Children at the expected level of development will:
– Work and play cooperatively and take turns with others;
– Form positive attachments to adults and friendships with peers;
– Show sensitivity to their own and to others’ needs.

Physical Development

ELG: Gross Motor Skills
Children at the expected level of development will:
– Negotiate space and obstacles safely, with consideration for themselves and others;
– Demonstrate strength, balance and coordination when playing;
– Move energetically, such as running, jumping, dancing, hopping, skipping and

ELG: Fine Motor Skills
Children at the expected level of development will:
– Hold a pencil effectively in preparation for fluent writing – using the tripod grip in almost all cases;
– Use a range of small tools, including scissors, paint brushes and cutlery;
– Begin to show accuracy and care when drawing.


ELG: Comprehension
Children at the expected level of development will:
– Demonstrate understanding of what has been read to them by retelling stories and narratives using their own words and recently introduced vocabulary;
– Anticipate – where appropriate – key events in stories;
– Use and understand recently introduced vocabulary during discussions about stories, non-fiction, rhymes and poems and during role-play.

ELG: Word Reading
Children at the expected level of development will:
– Say a sound for each letter in the alphabet and at least 10 digraphs;
– Read words consistent with their phonic knowledge by sound-blending;
– Read aloud simple sentences and books that are consistent with their phonic knowledge, including some common exception words.

ELG: Writing
Children at the expected level of development will:
– Write recognisable letters, most of which are correctly formed;
– Spell words by identifying sounds in them and representing the sounds with a letter or letters;
– Write simple phrases and sentences that can be read by others.


ELG: Number
Children at the expected level of development will:
– Have a deep understanding of number to 10, including the composition of each number;
– Subitise (recognise quantities without counting) up to 5;
– Automatically recall (without reference to rhymes, counting or other aids) number bonds up to 5 (including subtraction facts) and some number bonds to 10, including double facts.

ELG: Numerical Patterns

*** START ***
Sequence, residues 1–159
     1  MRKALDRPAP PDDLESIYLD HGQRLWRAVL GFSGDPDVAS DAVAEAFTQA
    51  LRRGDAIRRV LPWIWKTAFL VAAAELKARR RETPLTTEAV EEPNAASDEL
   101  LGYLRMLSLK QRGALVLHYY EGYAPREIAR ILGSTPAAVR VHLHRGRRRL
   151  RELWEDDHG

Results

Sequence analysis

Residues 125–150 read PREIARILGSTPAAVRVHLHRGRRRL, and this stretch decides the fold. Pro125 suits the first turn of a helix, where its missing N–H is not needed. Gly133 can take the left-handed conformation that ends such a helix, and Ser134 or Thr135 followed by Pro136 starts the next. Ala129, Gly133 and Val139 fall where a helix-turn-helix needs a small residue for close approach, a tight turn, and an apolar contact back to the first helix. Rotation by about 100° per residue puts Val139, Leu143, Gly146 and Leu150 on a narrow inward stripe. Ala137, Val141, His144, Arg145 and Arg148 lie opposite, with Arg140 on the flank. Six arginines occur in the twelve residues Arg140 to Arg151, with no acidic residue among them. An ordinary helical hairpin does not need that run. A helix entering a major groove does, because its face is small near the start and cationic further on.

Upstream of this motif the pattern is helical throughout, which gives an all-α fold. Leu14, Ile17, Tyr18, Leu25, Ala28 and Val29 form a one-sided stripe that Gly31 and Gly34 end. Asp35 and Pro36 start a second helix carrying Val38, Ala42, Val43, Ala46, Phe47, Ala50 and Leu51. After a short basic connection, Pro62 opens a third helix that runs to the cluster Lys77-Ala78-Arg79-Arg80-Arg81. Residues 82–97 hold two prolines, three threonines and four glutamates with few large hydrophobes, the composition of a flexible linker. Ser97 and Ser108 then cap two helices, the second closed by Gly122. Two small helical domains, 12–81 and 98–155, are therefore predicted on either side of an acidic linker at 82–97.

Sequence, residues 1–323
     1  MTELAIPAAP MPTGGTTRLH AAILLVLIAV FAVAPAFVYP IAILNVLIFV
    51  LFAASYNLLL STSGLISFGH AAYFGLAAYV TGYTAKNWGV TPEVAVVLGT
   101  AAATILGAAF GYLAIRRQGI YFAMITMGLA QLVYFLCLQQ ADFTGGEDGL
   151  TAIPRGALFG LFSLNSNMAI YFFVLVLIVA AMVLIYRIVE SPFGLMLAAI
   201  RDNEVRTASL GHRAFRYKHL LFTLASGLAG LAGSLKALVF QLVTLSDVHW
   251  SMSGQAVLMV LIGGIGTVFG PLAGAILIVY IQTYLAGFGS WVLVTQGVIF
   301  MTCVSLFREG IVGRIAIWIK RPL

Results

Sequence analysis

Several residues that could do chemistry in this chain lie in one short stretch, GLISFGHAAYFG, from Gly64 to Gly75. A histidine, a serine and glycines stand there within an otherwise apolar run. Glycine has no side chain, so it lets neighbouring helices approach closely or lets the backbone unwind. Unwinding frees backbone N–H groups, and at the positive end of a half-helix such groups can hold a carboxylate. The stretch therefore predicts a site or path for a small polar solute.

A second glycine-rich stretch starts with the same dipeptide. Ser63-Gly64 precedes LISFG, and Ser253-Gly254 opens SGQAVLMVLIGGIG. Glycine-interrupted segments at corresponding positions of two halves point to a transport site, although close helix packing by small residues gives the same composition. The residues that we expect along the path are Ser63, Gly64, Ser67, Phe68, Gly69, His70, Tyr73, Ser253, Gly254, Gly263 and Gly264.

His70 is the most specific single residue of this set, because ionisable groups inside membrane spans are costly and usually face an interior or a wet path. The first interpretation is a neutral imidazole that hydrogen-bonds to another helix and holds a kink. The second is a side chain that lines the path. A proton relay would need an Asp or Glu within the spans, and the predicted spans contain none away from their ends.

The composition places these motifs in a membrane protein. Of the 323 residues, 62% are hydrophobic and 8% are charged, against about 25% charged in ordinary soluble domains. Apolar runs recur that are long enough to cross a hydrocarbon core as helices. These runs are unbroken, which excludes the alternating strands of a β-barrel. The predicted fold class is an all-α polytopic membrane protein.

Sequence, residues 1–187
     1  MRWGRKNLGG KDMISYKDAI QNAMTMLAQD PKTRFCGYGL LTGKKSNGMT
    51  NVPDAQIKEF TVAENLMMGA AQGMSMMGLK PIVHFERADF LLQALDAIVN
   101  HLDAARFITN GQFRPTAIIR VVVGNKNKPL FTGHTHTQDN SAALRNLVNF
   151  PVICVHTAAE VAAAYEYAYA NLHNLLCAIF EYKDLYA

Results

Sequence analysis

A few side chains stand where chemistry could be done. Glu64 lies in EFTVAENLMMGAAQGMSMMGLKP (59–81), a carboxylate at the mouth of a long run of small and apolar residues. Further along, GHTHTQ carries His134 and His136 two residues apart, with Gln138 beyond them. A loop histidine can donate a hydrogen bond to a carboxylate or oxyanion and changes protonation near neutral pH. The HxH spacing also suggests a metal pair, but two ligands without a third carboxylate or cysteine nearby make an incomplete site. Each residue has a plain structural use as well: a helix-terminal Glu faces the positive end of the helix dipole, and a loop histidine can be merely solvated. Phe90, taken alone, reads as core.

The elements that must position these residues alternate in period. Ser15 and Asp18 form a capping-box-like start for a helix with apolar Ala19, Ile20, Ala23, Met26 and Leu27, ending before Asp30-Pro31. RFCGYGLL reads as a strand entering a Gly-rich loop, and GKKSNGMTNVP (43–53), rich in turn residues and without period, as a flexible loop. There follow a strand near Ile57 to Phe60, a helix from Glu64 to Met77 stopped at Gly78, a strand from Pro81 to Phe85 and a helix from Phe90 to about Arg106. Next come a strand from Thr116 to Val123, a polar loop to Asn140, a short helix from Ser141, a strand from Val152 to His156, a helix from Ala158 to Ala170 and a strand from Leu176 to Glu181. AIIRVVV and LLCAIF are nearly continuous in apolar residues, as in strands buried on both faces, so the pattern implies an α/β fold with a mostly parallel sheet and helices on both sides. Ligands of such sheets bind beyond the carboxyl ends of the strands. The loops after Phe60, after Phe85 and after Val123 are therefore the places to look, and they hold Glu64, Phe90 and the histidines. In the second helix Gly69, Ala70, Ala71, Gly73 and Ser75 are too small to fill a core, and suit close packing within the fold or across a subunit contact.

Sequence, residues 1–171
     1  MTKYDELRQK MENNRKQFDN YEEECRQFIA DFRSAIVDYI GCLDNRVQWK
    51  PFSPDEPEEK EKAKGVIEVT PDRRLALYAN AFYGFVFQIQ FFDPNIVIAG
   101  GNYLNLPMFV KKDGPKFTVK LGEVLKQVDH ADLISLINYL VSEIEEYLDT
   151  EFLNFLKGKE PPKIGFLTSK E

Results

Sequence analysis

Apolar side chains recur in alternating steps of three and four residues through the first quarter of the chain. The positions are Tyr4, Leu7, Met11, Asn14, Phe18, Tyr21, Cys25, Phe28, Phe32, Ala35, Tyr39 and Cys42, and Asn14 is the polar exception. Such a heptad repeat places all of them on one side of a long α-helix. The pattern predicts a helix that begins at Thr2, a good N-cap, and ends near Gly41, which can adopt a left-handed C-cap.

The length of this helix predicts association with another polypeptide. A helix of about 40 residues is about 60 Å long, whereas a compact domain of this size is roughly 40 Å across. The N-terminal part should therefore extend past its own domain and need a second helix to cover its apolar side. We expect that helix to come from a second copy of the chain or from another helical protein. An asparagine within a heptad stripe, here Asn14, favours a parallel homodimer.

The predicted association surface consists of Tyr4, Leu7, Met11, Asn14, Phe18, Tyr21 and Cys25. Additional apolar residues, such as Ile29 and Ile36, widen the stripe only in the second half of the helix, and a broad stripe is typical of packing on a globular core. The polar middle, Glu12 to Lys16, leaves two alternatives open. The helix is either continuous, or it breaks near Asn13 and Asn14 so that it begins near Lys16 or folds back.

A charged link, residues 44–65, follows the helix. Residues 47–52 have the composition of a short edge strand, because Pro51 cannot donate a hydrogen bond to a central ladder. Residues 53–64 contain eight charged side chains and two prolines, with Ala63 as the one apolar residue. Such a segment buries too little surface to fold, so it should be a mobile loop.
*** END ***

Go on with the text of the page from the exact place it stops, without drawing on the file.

Children at the expected level of development will:
– Verbally count beyond 20, recognising the pattern of the counting system;
– Compare quantities up to 10 in different contexts, recognising when one quantity is greater than, less than or the same as the other quantity;
– Explore and represent patterns within numbers up to 10, including evens and odds, double facts and how quantities can be distributed equally.

Understanding the World

ELG: Past and Present
Children at the expected level of development will:
– Talk about the lives of the people around them and their roles in society;
– Know some similarities and differences between things in the past and now, drawing on their experiences and what has been read in class;
– Understand the past through settings, characters and events encountered in books read in class and storytelling.

ELG: People, Culture and Communities
Children at the expected level of development will:
– Describe their immediate environment using knowledge from observation, discussion, stories, non-fiction texts and maps;
– Know some similarities and differences between different religious and cultural communities in this country, drawing on their experiences and what has been read in class;
– Explain some similarities and differences between life in this country and life in other countries, drawing on knowledge from stories, non-fiction texts and – when appropriate – maps.

ELG: The Natural World
Children at the expected level of development will:
– Explore the natural world around them, making observations and drawing pictures of animals and plants;
– Know some similarities and differences between the natural world around them and contrasting environments, drawing on their experiences and what has been read in class;
– Understand some important processes and changes in the natural world around them, including the seasons and changing states of matter.

Expressive Arts and Design

ELG: Creating with Materials
Children at the expected level of development will:
– Safely use and explore a variety of materials, tools and techniques, experimenting with colour, design, texture, form and function;
– Share their creations, explaining the process they have used;
– Make use of props and materials when role playing characters in narratives and stories.

ELG: Being Imaginative and Expressive
Children at the expected level of development will:
– Invent, adapt and recount narratives and stories with peers and their teacher;
– Sing a range of well-known nursery rhymes and songs;
– Perform songs, rhymes, poems and stories with others, and – when appropriate – try to move in time with music.

50 Things to do before you’re five

This new initiative provides inspiration for parents and carers to connect with children through a range of activities, all designed to have a positive impact on learning and health. It helps parents develop their home learning environment, suggesting a wide range of low-cost and no-cost local activities. The 50 Things approach improves early language and literacy, motor skills and resilience.

Click on this link to find out more.